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On the Hunt for Dinosaurs

Courtesy of Fernbank Museum of Natural History
By AAA Travel Editor Michelle Palmer
September 28, 2020
Can’t get enough of all things Jurassic and Cretaceous? Or perhaps you have a little one who is dinosaur-obsessed? If so, check out the following recommendations to learn about some of the best places to see dinosaur fossils, models and murals.
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Best Western Denver Southwest

Lakewood, Colorado
(303) 989-5500
A statue of a Stegosaurus and a Pteranodon sternbergi weather vane greet guests at the entry of this AAA Two Diamond hotel, and the dinosaur theme carries throughout. The sitting area has a museum feel with dark wood and dinosaur skulls on display, while the breakfast area has replica fossils overhead. Murals of various dinosaurs and mammoths are painted in interior stairwells and on exterior walls. Your budding paleontologist will love the Jurassic dig pit where kids can identify fossils. It's just one of the many fun things to do with kids.
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Dinosaur, Colorado
Visitors to the Utah portion of the monument will enjoy fossil viewing among the stunning arid mountain vistas. Inside Quarry Exhibit Hall, view around 1,500 fossils embedded in the cliff face that the building is set against. There are also models and murals depicting the prehistoric environments in which these animals lived. If you like hiking, pick up a trail guide and venture out on the Fossil Discovery Trail to admire rock layers from the Jurassic and Cretaceous periods and spot fossils in the Morrison Formation.
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Dinosaur State Park

Rocky Hill, Connecticut
(860) 529-5816
Under the geodesic dome at Dinosaur State Park are preserved dinosaur tracks believed to have been made by the Dilophosaurus, which measured about 20-feet long and resembled a Velociraptor. In the dome are also models and murals of dinosaurs from the Triassic and Jurassic periods, and in the Discovery Room little dinosaur enthusiasts can view several specimens. If you love unique souvenirs, bring supplies to make a cast of a footprint. When done at the dome, explore the more than two miles of trails in the arboretum.
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T-Rex Cafe

Lake Buena Vista, Florida
(407) 828-8739
If you are hanging out at Disney World and find that there simply are not enough dinosaurs in your life, head over to Disney Springs and have a meal at T-Rex Cafe, a restaurant that will satiate your Jurassic cravings with options like “mastodon stuffed chicken,” “tar pit fried shrimp” and “chocolate extinction.” Dine with pterodactyls, Triceratops and dinosaur skeletons or with a giant octopus and jellyfish at the under-the-sea bar. The Tyrannosaurus rex and woolly mammoth get lively during the regularly scheduled meteor showers.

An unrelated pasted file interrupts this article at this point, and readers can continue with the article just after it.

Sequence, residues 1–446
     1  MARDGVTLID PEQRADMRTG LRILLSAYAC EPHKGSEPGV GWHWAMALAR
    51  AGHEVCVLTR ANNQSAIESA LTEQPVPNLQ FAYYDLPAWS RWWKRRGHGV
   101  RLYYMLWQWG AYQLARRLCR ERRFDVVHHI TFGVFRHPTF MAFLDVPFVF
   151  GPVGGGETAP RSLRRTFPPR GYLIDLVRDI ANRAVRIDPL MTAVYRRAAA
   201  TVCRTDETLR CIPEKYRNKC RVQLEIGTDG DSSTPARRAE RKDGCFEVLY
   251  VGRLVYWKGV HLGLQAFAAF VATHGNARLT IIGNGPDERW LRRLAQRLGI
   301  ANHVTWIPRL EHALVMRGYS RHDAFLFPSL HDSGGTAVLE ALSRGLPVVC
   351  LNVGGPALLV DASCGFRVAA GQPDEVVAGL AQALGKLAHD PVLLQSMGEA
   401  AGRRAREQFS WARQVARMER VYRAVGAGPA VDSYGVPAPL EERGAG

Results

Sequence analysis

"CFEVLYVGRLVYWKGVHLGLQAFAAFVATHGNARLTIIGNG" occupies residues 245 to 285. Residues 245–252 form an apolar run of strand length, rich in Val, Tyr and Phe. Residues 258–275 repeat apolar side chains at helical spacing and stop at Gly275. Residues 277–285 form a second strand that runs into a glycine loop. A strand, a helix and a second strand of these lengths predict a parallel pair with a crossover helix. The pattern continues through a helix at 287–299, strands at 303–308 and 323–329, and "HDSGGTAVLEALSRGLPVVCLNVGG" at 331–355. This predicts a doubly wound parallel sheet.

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Courtesy of Fernbank Museum of Natural History

Fernbank: Museum, 3D Theater and Forest

Atlanta, Georgia
(404) 929-6400
Travel back in time at the Giants of Mesozoic exhibit, set in Patagonia, Argentina. Skeletal casts of the four-legged, long-necked Argentinosaurus, the largest known dinosaur measuring at 123-feet long, and a Giganotaurus, the largest known meat-eating dinosaur which stood on two feet at a mere 47-feet long, are locked in battle while Pterodaustros and Anhangueras fly overhead. The Dinosaur Gallery has life-sized models and murals of the ancient reptiles that once roamed what is now Georgia, and outside at Dinosaur Plaza are bronze statues depicting a family of Laphorhothon atopus which look similar to Ducky in the Land Before Time cartoons.
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Courtesy of The Field Museum

The Field Museum

Chicago, Illinois
(312) 922-9410
The Field Museum, a AAA GEM, is most notable for SUE, the largest and best-preserved T. rex yet to be discovered. The fossilized skull of this carnivorous creature weighs 600 pounds, so heavy that it is displayed elsewhere in the museum while a replica crowns the skeletal display. Be sure to arrive early enough to catch SUE Talk at noon, a 20-minute docent-led tour. Don’t miss the Evolving Planet exhibit either which has fossils and models of dinosaurs from every major category, including a Triceratops, a giant sloth and a woolly mammoth.
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The Wyoming Dinosaur Center and Dig Sites

Thermopolis, Wyoming
(307) 864-2997
The Wyoming Dinosaur Center’s Dig for a Day program offers a hands-on experience that will be sure to create great vacation memories. After a short orientation, participants are shuttled to a dig site to search for fossils. Any time a bone is discovered, a technician helps to properly excavate and document the find, and while the center keeps all fossils, the finder’s name, the bone and its location are documented in the registry. The day ends with a guided tour of the museum where you will see Stan, a 35-foot T. rex, and Jimbo, a Supersaurus that is one of the largest dinosaurs ever to be mounted.
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